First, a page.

Royal Bank’s latest housing survey found that one-third of Canadians who are 55 or older have at least 16 years left on their mortgage term. That reality doesn’t line up with the average Canadian’s desire to be mortgage free by age 65.

The survey was picked up by the major media and splashed across both print and online news outlets.

Claude Demone, RBC’s director of strategy for home equity financing stated the obvious, “Canadians want to be mortgage-free as they approach retirement age and beyond, but the reality is that it takes prudent planning and the right advice to stay on track.”

My father forwarded the article to me. He regularly sends me information that he thinks would be of interest to his financial planning daughter. My response to him on the article about the RBC report was,

“It’s a real problem….and the banks are not helping”.  

He asked, “How are the banks getting in the way?”

My answer to him was:

In spite of what the banks say in the media, I see what they do in practice every day.

1. Encourage people to borrow more than they can afford
2. Approve amortizations that are too long
3. Encourage the use of home equity lines of credit vs. mortgages

This is how I see the above playing out in my practice daily.


The banks will approve credit based on a simple formula called “Total Debt Service Ratio” (TDSR). If your total monthly debt payments (mortgage, loans, credit cards, lines of credit) divided by your monthly before tax income is less than 40% that is acceptable. This assumes that your credit history is good and that you live in a perfect world.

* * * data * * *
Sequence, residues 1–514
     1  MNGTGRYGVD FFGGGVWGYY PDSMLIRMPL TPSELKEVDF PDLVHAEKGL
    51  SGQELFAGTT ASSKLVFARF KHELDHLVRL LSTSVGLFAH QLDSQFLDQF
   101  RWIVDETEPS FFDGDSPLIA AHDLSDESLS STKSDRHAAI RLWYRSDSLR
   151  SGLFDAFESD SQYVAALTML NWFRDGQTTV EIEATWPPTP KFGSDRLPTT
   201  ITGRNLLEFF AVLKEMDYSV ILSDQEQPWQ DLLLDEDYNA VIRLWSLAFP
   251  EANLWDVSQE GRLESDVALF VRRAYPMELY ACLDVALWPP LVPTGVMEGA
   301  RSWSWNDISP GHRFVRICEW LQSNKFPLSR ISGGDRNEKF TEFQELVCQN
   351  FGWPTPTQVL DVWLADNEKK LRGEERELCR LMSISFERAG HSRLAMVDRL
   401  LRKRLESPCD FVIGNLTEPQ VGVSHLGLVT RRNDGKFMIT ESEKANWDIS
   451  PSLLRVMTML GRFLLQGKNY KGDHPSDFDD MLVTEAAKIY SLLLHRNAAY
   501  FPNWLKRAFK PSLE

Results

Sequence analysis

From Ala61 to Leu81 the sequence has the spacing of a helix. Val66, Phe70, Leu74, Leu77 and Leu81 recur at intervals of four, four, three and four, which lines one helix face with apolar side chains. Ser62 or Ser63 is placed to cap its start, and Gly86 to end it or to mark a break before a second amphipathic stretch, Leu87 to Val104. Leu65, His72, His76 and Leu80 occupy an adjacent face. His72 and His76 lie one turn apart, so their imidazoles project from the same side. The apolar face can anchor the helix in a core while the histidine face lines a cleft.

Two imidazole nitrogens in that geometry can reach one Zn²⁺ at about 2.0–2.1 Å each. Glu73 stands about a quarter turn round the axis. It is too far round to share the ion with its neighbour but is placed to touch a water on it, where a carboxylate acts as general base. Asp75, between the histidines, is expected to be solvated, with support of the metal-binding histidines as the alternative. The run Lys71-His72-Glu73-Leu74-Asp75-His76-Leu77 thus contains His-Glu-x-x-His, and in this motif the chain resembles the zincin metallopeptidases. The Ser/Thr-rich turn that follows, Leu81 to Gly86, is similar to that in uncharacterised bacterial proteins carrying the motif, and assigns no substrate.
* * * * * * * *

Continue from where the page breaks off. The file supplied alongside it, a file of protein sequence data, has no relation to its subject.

There is little or no consideration for whether you are:

  • Saving enough for retirement
  • Saving enough for your children’s education
  • Adequately insured for disability or death
  • In a position to have enough money left over to pay for other ongoing expenses like home repairs, supporting aging parents, a new car etc., etc.

The bottom line is that it is generally not a good idea to borrow as much as you qualify forif it puts other important financial priorities at risk.

Extended amortizations

Mortgage amortizations are typically based on current interest rates. I gave an example of how a modest increase in interest rates can blow up your repayment strategy in a prior blog posting here.

“Never out of debt” lines of credit

There is a trend towards the banks encouraging home equity lines (HELOC) of credit instead of conventional mortgages. The theory is that a HELOC provides greater flexibility to deal with fluctuating income and expenses by only requiring interest only payments. The theory is sound, but for the majority of Canadians the result is slower (or no) progress on reducing the principal outstanding. Why? Because life is imperfect and invariably, an event will occur that will interfere with your ability to reduce principal. Worst of all, the banks have your house as security for the debt, so they win even if you make no progress towards your debt retirement objective.

So, what are some solutions?

  • Consider all of your financial goals, not just your home ownership goals, when determining how much you are prepared to borrow.
  • Do your own cash flow analysis and be sure to include expenses that only arise from time to time as opposed to on a monthly basis. Make sure to include room for savings at a level that will meet your long term retirement objectives. If you are not sure what that amount is, try out an online calculator or ask your financial advisor.
  • If buying real estate, make sure that your real estate agent knows clearly what you upper price limit is and don’t waver!

Being mortgage free takes planning.  Make sure that you are in charge of the plan, not the banks.

This information is of a general nature and should not be considered professional advice. Its accuracy or completeness is not guaranteed and Queensbury Strategies Inc. assumes no responsibility or liability.